Osteoporosis affects 30% of postmenopausal women, but also affects younger people as well as men. Unfortunately, despite complicated therapy, the bone condition of people with osteoporosis often remains unchanged, as is the high likelihood of a femur fracture. Fortunately, recent research indicates that there is a new way to strengthen bones and improve the outlook for osteoporosis patients.
The bone skeleton not only gives structure to your body. It is a peculiar storage of nutrients from which various organs draw. The bones play a similar role as the pantry at the kitchen, where you keep cans and preparations for the winter, which you refill in the summer. The problem begins when the body absorbs more minerals from the bones than it can deliver back.
The inside of a healthy bone has small spaces that resemble honeycombs. Unfortunately, with age, with the decrease of female or male hormones, due to various diseases and by the drugs taken, these spaces increase. This results in a loss of strength and density of guests both inside and outside. The bones are getting weaker and thinner.
The disease can run for years without symptoms until a fracture of the femur or hip bone occurs during a fall, sneezing, coughing or even performing routine activities - walking or standing. Osteoporosis most often affects older women, but due to lifestyle or health, it also affects young people or men. Risk factors include:
The condition of the skeletal system is most often determined by densitometry (bone density testing) of the femur and x-rays.
Standard treatment consists of daily calcium and vitamin D3 supplementation, and taking prescription medications once a week or month. However, contrary to what most people think, bones are not just calcium!
The composition of the bones resembles more a fragment of the Mendeleev's table than school chalk, consisting of calcium alone, and that's good! Chalk is very easy to break, because it is hard. It is the remaining minerals that decide about the elasticity of the bones, which prevents fractures, even when falling.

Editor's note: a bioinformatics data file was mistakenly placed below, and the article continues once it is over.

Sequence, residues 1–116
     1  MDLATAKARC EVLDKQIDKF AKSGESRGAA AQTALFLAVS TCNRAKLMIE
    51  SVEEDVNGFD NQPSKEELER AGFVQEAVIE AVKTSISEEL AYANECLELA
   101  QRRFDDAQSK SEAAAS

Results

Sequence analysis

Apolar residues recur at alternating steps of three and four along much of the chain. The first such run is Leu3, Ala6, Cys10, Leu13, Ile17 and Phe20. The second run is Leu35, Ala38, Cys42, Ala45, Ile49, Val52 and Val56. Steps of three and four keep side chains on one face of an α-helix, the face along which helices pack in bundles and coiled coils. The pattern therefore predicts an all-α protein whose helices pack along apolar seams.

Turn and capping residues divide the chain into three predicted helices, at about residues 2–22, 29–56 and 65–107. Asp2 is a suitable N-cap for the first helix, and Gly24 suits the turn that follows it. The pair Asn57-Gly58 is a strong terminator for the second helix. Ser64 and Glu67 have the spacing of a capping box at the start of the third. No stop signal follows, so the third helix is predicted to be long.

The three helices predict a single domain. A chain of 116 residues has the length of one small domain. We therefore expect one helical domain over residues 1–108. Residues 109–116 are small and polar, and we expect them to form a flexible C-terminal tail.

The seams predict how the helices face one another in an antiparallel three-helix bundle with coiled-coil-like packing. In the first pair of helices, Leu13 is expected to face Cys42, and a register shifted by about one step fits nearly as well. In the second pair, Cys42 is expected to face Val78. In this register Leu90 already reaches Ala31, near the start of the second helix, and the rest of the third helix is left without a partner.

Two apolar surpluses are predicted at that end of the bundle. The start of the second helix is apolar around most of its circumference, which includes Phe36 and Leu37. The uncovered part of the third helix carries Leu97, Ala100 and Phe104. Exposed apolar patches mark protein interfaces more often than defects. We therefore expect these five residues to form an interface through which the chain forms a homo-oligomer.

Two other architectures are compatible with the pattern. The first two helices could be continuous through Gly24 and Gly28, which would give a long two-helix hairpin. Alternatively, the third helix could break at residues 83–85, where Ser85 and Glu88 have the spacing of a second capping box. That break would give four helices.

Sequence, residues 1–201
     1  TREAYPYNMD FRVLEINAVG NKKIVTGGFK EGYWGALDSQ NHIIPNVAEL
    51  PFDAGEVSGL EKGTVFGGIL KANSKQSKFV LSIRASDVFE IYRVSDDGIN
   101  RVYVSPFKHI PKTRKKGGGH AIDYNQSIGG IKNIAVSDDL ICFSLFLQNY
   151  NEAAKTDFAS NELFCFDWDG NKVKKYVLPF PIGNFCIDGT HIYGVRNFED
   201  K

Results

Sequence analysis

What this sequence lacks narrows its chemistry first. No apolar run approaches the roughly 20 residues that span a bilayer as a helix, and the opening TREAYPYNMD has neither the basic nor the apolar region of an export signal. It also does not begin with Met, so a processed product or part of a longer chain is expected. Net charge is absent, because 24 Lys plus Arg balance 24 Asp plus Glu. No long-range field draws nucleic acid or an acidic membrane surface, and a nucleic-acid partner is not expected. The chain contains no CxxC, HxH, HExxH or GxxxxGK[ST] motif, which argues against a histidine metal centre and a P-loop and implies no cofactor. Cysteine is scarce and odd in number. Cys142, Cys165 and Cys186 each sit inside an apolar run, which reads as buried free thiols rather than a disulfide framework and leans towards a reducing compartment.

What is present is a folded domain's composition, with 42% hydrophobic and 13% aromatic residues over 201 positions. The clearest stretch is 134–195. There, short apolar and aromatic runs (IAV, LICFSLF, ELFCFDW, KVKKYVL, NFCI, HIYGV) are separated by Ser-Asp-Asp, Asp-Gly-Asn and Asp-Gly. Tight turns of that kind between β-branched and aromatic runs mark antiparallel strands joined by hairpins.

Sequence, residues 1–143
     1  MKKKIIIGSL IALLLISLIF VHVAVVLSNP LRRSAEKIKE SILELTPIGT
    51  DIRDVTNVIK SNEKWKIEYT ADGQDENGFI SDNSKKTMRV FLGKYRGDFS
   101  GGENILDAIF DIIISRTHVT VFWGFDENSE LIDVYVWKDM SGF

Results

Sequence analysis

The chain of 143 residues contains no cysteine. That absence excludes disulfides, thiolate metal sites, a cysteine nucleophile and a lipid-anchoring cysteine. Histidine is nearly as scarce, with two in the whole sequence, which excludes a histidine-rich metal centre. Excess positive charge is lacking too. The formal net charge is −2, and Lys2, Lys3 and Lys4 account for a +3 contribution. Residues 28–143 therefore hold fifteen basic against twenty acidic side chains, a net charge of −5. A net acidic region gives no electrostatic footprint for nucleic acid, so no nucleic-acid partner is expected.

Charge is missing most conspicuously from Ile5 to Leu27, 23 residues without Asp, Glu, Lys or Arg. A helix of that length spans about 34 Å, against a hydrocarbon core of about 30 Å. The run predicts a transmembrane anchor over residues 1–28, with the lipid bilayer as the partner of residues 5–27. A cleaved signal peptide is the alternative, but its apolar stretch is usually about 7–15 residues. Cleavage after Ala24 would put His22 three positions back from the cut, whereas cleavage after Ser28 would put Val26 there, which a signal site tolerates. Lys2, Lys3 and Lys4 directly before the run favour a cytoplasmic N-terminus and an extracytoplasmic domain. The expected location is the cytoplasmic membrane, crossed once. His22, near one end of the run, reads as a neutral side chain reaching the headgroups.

What makes bones besides calcium?
Magnesium, fluorine, potassium, zinc, copper, boron, manganese and silicon. Some occur in the skeleton in trace amounts, on the order of 1-2 grams, but despite this they play an important role in it. Studies show that their reduced dietary intake negatively affects the state of the skeletal system. Scientists were particularly interested in silicon, the main source of which in the diet is whole grain products, vegetables and fruits. Silicon has proved to be an effective drug for osteoporosis in numerous studies.
Silicon supplementation leads to:
All this makes the bone not only heavier, but also denser and more elastic. In other words - younger!
However, is it possible to add a silicon supplement to the calcium and vitamin D3 therapy already prescribed? Will silicon increase its effects? Scientists decided to check it.
In a 2008 study, they tested two groups - in the first woman, they only supplemented calcium and vitamin D3, in the second, women additionally received a silicon supplement. After a year it turned out that bone density improved in both groups, but in the one with silicon the result was much better.
Osteoporosis stereotypes are still alive, but the latest scientific reports change the views of specialists. Who knows - maybe in a few years silicon will be prescribed as an addition to the standard treatment. You don't have to wait for it...